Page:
Consent policy has promise

Daily Editorial Board

After months of debate, the University of Minnesota has enacted an affirmative consent policy redefining sexual consent along the lines of “yes means yes.”
 
Many critics of affirmative consent policies fear they shift the burden of proof from the accuser to the accused. Kimberly Hewitt, director of the University’s Office of Equal
Opportunity and Affirmative Action, has denied these claims. 
 
In an interview with the Chronicle of Higher Education, Hewitt said that under the affirmative consent policy colleges must consult with both parties after an alleged sexual assault. Investigators need to prove that more than half of the evidence suggests an alleged assault took place. Although this standard of proof is lower than “beyond a reasonable doubt,” it follows the federal government’s guidelines for investigating sexual assaults on college campuses.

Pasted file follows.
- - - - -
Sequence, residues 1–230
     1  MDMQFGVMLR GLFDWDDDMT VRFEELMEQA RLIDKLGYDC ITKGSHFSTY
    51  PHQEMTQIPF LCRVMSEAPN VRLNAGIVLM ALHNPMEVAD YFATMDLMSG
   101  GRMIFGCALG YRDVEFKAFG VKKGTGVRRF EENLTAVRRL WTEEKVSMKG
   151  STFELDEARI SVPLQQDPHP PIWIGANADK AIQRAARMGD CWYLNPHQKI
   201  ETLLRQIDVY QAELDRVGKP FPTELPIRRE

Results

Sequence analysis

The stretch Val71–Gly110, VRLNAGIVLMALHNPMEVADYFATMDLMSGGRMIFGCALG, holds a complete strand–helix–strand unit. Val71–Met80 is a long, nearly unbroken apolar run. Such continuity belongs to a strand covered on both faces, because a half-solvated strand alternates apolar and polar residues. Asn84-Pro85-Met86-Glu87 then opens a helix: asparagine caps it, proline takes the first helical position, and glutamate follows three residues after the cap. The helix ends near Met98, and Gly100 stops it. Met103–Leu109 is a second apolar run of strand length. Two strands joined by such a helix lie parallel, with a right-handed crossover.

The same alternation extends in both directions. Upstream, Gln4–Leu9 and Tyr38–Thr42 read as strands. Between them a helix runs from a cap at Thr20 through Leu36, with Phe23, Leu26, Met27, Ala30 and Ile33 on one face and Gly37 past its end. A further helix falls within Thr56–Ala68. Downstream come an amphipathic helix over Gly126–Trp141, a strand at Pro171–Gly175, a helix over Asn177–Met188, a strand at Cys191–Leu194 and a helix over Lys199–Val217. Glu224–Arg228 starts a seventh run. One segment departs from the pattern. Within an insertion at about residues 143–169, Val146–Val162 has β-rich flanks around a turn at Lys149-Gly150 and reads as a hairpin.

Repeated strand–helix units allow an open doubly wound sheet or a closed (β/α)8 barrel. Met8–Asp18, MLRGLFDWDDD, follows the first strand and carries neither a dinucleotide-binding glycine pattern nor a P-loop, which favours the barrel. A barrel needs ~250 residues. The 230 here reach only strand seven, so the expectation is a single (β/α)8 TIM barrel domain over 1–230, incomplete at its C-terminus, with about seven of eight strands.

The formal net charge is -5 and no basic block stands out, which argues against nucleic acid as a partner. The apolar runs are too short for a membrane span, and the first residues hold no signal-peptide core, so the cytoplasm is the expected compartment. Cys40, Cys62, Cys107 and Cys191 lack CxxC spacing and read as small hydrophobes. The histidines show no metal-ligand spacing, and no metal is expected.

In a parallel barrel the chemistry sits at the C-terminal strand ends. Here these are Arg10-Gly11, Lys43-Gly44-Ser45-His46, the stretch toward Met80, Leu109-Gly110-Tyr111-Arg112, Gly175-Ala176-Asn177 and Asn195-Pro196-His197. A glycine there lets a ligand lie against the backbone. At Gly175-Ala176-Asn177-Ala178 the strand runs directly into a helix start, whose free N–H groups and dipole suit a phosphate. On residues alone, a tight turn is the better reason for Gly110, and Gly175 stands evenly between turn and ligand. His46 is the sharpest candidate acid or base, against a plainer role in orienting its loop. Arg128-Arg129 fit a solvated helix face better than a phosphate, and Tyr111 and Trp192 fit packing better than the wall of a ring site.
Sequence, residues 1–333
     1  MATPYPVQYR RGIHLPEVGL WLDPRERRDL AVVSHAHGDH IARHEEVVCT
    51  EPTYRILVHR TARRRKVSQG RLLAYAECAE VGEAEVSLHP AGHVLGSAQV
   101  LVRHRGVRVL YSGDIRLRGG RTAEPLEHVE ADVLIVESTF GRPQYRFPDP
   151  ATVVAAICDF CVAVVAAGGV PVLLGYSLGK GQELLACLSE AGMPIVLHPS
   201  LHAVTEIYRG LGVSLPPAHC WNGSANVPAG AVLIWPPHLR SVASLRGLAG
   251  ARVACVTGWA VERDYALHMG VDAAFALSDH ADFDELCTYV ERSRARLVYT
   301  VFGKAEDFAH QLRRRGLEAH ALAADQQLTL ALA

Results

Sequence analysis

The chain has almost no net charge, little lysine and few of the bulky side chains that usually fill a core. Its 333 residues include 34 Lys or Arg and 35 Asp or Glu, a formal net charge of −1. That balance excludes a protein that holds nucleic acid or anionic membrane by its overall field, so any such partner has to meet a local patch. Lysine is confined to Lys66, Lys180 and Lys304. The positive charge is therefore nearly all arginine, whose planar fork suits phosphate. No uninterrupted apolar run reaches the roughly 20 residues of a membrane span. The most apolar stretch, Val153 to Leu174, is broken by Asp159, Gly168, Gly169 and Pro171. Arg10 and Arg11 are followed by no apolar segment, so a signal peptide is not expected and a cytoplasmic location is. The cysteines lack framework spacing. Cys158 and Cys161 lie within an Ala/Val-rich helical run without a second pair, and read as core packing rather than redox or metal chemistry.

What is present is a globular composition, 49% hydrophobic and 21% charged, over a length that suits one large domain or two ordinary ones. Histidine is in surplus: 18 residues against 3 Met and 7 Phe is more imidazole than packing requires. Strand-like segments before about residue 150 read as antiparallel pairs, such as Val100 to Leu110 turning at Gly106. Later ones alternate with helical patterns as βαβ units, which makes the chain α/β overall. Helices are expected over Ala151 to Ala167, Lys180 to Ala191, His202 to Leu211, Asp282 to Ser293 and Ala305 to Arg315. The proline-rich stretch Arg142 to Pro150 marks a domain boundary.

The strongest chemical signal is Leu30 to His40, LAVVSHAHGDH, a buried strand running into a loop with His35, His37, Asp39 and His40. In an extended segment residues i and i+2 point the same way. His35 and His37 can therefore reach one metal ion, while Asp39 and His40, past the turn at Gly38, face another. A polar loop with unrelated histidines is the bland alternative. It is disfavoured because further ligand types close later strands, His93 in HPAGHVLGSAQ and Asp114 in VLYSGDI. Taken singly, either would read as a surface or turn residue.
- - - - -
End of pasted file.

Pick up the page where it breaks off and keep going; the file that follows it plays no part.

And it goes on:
In recent days, the University has taken about the new consent policy, targeting athletes and members of Greek life in particular. 
 
Already, it is clear that the affirmative consent policy has opened opportunities to discuss sexual assault. In itself, this makes the policy commendable. Equally praiseworthy are the University’s efforts to inform its students about the new regulations — no policy will work unless the student body knows it exists. 
 
However, the new policy does not specify how officials will treat alleged violations. In the coming weeks, it is urgent that the University makes a marked effort to clarify this.
 
Spreading this information will help dissuade misconceptions about the new policy and ensure a safer campus for everyone.